(Detailed description of embodiments of the present invention)
Embodiments of the present invention will now be described in more detail with reference to the accompanying drawings, in which embodiments of the invention are shown. This invention may, however, be embodied in many different forms and should not be construed as limited to the embodiments set forth herein, which are not exhaustive or complete. And is provided to fully convey the scope of the invention to those skilled in the art. Like numbers refer to like elements throughout. Further, the various layers and regions shown are schematically shown. Accordingly, the present invention is not limited to the relative size, spacing, and arrangement illustrated in the accompanying drawings. As will be appreciated by those skilled in the art, a layer formed "on" a substrate or other layer is an intervening layer formed on or on the substrate or other layer. It can refer to the layer formed directly on top. Also, as will be appreciated by those skilled in the art, a structure or feature that is “adjacent” to another feature may have a portion that overlaps or is below the adjacent feature.

  Relative terms such as “below” or “above” or “top” or “bottom” or “horizontal” or “vertical” are used herein to denote one element, Sometimes used to describe a layer or region's relationship to another element, layer or region. It is understood that these terms encompass different orientations of the device in addition to the orientation shown in the figure.

  Embodiments of the present invention are described herein with reference to cross-section illustrations that are schematic illustrations of idealized embodiments (and intermediate structures) of the present invention. The thickness of layers and regions in the figures may be exaggerated for clarity. In addition, changes from the shape of the drawing are also anticipated, for example, as a result of fabrication techniques and / or tolerances. Thus, embodiments of the present invention should not be construed as limited to the particular shapes of regions illustrated herein but are to be construed as including deviations in shapes that result, for example, from fabrication. For example, an injection region illustrated as a rectangle typically has a rounded and / or bent feature and / or an injection concentration gradient at that edge rather than a discrete change from the injection region to the non-injection region. Have Similarly, some implantation may occur in the region between the buried region and the surface through which it is implanted due to the buried region formed by implantation. Thus, the illustrated regions are schematic and their shapes are not intended to exemplify the actual shapes of the regions of the device, nor are they intended to limit the scope of the invention.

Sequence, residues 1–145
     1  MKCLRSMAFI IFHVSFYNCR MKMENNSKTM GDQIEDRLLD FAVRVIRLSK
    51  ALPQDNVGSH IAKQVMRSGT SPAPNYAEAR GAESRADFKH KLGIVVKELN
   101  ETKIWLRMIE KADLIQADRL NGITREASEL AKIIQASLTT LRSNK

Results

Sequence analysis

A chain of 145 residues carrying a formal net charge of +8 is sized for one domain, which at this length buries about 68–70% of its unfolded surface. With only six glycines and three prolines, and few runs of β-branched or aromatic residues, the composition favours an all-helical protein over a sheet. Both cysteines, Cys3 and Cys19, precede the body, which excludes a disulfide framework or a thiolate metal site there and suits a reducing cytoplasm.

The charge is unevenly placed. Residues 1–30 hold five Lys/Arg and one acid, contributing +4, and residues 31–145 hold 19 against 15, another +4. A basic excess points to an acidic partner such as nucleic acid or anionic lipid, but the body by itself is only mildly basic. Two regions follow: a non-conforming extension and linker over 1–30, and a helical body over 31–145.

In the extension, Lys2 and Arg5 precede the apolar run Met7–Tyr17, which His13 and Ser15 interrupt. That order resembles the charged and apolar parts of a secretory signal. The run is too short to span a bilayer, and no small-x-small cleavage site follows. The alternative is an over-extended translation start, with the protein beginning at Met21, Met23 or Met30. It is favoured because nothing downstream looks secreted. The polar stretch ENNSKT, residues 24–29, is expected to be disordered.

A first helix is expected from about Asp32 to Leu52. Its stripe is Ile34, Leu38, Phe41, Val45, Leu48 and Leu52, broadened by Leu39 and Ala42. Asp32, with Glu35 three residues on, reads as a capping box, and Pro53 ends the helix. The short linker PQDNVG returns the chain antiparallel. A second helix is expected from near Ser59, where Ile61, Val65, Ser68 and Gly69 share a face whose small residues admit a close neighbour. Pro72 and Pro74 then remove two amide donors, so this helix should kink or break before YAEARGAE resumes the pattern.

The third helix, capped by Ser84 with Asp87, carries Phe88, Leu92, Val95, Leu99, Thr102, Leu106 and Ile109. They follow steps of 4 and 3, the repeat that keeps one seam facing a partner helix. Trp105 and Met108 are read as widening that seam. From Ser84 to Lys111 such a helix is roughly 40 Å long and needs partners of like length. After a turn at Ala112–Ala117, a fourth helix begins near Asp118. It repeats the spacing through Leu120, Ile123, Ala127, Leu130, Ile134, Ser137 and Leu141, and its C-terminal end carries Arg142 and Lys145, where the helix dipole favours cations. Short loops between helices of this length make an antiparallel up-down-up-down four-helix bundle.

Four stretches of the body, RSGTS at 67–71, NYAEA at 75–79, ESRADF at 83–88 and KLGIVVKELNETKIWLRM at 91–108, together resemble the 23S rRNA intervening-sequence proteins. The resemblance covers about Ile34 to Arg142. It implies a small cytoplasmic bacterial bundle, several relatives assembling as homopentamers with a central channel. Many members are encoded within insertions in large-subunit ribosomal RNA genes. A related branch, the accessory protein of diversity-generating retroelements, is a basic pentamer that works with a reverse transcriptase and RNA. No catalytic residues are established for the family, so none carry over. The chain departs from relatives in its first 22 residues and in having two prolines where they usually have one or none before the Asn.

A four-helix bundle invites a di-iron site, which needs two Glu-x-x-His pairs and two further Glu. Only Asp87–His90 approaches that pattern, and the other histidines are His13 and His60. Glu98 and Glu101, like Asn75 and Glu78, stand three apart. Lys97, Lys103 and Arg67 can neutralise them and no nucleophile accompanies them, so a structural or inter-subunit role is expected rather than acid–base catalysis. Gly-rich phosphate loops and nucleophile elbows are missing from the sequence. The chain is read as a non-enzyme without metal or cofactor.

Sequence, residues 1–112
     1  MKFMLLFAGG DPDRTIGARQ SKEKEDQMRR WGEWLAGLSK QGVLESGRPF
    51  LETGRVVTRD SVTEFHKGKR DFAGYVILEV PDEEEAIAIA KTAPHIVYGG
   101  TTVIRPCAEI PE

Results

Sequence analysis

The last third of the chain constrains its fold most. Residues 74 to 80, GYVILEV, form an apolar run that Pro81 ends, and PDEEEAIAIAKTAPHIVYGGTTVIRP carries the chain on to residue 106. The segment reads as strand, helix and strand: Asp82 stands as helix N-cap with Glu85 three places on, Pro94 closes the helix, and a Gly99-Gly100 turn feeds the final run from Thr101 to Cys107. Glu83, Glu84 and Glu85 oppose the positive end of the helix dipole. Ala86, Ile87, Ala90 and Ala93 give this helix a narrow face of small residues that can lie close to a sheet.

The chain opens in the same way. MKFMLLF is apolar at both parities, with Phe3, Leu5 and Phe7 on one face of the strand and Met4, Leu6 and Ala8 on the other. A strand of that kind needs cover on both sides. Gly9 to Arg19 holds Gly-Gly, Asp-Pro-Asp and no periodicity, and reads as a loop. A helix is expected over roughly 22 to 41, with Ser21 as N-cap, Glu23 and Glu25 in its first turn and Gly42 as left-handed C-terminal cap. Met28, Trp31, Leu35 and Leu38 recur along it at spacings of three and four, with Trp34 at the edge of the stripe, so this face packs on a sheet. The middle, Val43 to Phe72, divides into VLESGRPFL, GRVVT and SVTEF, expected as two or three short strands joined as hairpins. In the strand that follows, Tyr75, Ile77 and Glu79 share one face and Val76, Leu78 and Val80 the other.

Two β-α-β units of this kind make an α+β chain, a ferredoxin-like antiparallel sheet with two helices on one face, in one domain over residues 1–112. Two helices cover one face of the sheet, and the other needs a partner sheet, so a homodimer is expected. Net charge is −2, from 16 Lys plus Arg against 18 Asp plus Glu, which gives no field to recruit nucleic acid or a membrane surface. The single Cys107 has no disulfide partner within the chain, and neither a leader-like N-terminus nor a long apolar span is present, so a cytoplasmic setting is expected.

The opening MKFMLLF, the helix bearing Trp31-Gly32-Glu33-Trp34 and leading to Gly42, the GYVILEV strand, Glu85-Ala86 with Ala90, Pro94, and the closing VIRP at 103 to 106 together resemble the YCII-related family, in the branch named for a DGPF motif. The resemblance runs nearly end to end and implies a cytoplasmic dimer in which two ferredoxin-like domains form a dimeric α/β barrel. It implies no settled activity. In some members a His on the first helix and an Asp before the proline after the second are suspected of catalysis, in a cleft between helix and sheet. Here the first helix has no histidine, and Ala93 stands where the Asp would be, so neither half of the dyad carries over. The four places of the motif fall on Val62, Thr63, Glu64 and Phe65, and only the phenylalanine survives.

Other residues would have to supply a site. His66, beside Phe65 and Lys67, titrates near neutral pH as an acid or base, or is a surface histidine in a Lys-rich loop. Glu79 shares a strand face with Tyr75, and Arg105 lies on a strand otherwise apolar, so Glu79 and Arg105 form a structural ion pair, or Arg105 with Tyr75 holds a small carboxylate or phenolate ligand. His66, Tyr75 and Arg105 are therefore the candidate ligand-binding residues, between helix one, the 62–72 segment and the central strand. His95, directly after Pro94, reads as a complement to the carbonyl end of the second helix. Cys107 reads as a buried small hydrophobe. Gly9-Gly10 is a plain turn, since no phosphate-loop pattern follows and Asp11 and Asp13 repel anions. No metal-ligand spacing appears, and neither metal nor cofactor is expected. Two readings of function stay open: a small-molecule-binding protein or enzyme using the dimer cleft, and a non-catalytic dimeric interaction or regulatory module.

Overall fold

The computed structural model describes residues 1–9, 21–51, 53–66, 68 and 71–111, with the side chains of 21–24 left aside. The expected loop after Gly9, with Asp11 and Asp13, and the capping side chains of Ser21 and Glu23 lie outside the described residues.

The terminology used herein is for the purpose of describing particular embodiments only and is not intended to be limiting of the invention. As used herein, the singular forms “a”, “an” and “the” are intended to include the plural forms unless the context clearly indicates otherwise. Further, as used herein, the terms “include”, “have” (sometimes “comprises”, “comprising”, “includes” and / or “included”) are used to describe the described features, integers, steps, operations. Specifying the presence of elements, elements, and / or components, but not excluding the presence or addition of one or more other types of features, integers, steps, operations, elements, components, and / or groups thereof Is understood.